Report: Multifamily Housing in NYC and Other Urban Areas Remain Vulnerable to Flooding
Three years after Superstorm Sandy devastated parts of New York City, the housing stock in many urban coastal areas remain vulnerable to flooding, according to a report by the NYU Furman Center. The report illustrates the significant design and financial hurdles of retrofitting multifamily housing common to many urban, coastal areas.
The report, Planning for Resilience: The Challenge of Floodproofing Multifamily Housing (PDF), released today, describes the prevalence of multifamily housing in many flood-prone coastal areas.In addition, it notes that FEMA regulations and flood insurance rates will be a driving factor shaping what retrofits building owners undertake, but outlines concrete actions state and local policymakers can take to help promote longer-term resilience planning by multifamily building owners.
Key findings from the report include:
1. Many major U.S. urban areas have a significant share of housing units in multifamily buildings located in their floodplains.
- New York City: The vast majority of housing units in New York City’s floodplains (over 70%) are is in multifamily buildings. The vast majority of these (over 90%) were built prior to the adoption of floodplain maps in 1983.
- Share of multifamily housing stock in 100- and 500-year floodplains: The share of multifamily units as a share of total units in the 100/500-year floodplains varies significantly across the other metro areas included in this study: Miami (37%), Baltimore/Washington D.C. (33%), Boston (23%), Tampa (23%), Houston (16%), Philadelphia (16%), Providence (14%), and Virginia Beach (13%).
- After New York City, Miami is most at-risk: Of the jurisdictions we analyzed, Miami has both the second largest number of multifamily units in the floodplains (over 400,000), and the second largest share of units in the floodplain that are in multifamily buildings (37%).
2. FEMA’s all-or-nothing compliance rules present significant design and financial challenges to implement, leaving multifamily building owners vulnerable to expensive flood insurance premium hikes.
- Base Flood Elevation (BFE) standardElevate everything: In order for a residential building to comply with FEMA regulations, all building systems and living space must be moved above the Base Flood Elevation (BFE). Multifamily buildings may often have residential units, common areas, or mechanical systems located on floors below the BFE. Reconfiguring these buildings can be expensive and complex, and threaten the income of a building.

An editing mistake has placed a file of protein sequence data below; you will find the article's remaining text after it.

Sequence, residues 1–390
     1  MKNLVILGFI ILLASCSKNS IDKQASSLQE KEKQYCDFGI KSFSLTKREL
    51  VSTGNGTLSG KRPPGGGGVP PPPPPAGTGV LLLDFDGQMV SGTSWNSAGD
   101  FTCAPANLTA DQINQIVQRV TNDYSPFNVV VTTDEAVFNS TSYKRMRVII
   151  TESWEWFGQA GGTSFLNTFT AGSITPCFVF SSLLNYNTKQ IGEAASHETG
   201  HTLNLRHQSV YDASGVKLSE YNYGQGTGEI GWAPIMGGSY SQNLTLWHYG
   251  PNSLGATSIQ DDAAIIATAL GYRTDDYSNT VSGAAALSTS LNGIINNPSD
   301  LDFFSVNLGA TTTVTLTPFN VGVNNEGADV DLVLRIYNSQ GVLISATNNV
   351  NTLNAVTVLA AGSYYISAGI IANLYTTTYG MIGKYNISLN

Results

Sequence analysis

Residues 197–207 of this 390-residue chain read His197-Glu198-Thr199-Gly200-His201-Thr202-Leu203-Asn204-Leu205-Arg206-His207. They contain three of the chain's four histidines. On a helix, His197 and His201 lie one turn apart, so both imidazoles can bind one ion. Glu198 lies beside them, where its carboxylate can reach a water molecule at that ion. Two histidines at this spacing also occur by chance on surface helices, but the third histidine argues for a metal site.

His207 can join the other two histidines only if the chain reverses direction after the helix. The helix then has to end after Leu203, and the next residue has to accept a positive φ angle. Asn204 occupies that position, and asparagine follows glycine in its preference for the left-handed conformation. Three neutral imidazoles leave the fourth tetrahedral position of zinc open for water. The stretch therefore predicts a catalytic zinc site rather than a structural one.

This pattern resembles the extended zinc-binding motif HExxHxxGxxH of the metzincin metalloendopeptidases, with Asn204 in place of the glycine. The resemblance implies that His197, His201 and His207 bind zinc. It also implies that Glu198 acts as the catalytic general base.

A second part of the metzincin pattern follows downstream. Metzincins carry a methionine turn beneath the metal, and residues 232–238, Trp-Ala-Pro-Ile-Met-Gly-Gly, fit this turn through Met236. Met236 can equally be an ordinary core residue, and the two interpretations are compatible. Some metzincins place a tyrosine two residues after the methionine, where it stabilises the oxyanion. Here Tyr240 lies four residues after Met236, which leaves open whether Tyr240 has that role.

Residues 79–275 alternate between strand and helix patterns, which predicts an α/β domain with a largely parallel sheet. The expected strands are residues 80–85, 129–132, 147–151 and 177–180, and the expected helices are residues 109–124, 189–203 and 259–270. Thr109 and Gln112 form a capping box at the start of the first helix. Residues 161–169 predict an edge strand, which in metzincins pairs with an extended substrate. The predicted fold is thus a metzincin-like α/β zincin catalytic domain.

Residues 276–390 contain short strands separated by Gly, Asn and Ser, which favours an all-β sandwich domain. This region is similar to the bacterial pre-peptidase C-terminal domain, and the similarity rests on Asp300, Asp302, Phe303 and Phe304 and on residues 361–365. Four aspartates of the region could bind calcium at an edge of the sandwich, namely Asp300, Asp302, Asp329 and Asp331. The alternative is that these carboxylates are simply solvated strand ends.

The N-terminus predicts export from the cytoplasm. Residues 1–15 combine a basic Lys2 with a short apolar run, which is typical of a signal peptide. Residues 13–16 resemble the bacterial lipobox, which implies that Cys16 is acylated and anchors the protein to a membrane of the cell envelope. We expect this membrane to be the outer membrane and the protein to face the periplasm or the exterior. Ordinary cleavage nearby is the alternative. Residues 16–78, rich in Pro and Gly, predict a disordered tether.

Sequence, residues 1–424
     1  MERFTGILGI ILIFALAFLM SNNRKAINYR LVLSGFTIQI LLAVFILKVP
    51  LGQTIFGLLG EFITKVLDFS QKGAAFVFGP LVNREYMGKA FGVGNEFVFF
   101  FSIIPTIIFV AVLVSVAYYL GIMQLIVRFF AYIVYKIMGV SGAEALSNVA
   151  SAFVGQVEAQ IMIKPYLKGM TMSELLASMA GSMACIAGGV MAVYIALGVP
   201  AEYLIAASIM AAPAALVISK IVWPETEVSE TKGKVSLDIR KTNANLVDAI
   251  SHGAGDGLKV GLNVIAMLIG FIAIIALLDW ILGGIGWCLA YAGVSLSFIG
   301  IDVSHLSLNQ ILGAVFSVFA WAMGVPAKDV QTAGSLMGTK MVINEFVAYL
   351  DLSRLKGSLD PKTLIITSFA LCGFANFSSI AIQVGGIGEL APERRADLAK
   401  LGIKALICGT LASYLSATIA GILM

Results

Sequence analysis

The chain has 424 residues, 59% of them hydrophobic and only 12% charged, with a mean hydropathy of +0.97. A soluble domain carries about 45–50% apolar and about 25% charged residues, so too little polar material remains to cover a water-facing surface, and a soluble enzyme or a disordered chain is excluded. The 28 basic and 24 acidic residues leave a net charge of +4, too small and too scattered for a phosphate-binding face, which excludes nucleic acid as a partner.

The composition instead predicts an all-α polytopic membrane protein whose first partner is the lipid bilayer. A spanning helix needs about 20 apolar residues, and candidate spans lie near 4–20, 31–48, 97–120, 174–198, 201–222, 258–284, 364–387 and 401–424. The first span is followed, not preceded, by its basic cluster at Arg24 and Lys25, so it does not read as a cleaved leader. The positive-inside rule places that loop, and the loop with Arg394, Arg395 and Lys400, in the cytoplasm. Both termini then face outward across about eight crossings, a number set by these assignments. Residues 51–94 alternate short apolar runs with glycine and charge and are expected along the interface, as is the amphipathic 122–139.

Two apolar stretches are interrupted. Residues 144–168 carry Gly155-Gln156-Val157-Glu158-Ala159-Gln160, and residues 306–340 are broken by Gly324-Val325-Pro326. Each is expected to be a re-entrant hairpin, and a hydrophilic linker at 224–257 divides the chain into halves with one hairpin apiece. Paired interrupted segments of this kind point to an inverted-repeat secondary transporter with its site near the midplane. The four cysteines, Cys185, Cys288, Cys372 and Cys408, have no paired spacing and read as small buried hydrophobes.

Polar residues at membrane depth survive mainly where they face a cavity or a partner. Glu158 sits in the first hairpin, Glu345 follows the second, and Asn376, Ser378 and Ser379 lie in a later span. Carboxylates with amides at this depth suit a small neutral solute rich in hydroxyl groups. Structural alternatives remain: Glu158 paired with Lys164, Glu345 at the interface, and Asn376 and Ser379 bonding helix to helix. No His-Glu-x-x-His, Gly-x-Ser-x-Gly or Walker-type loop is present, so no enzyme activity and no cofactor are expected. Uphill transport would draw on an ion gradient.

- Financial challenges of retrofitting: Flood retrofits can be expensive and hard to finance, particularly in multifamily buildings serving low- and moderate-income households. Government-subsidized buildings (such as NYCHA properties) may face additional hurdles because of the rigid regulatory structures requirements that govern them
3. While FEMA regulations and flood insurance rates will be a driving factor shaping what retrofits building owners undertake, state and local governments can take important steps to help multifamily buidlings adapt for resilience.
- Align local regulations with resilience goals: Local governments can make sure that local zoning and building codes provide owners flexibility to implement smart resilience strategies. This might include forward-looking regulations that require buildings to elevate higher than what is currently required by FEMA to take into account the risk of future sea level rise.
- Help owners understand and plan to mitigate flood risk: Local policymakers should encourage long-term planning as well as make available the technical resources and information needed to plan.
- Help property owners fund retrofits: Local governments should, at a minimum, encourage owners to include resilience upgrades in their long-term capital plans for their buildings, while also looking for ways to help fund resilient retrofits directly through community investment groups or philanthropic organizations.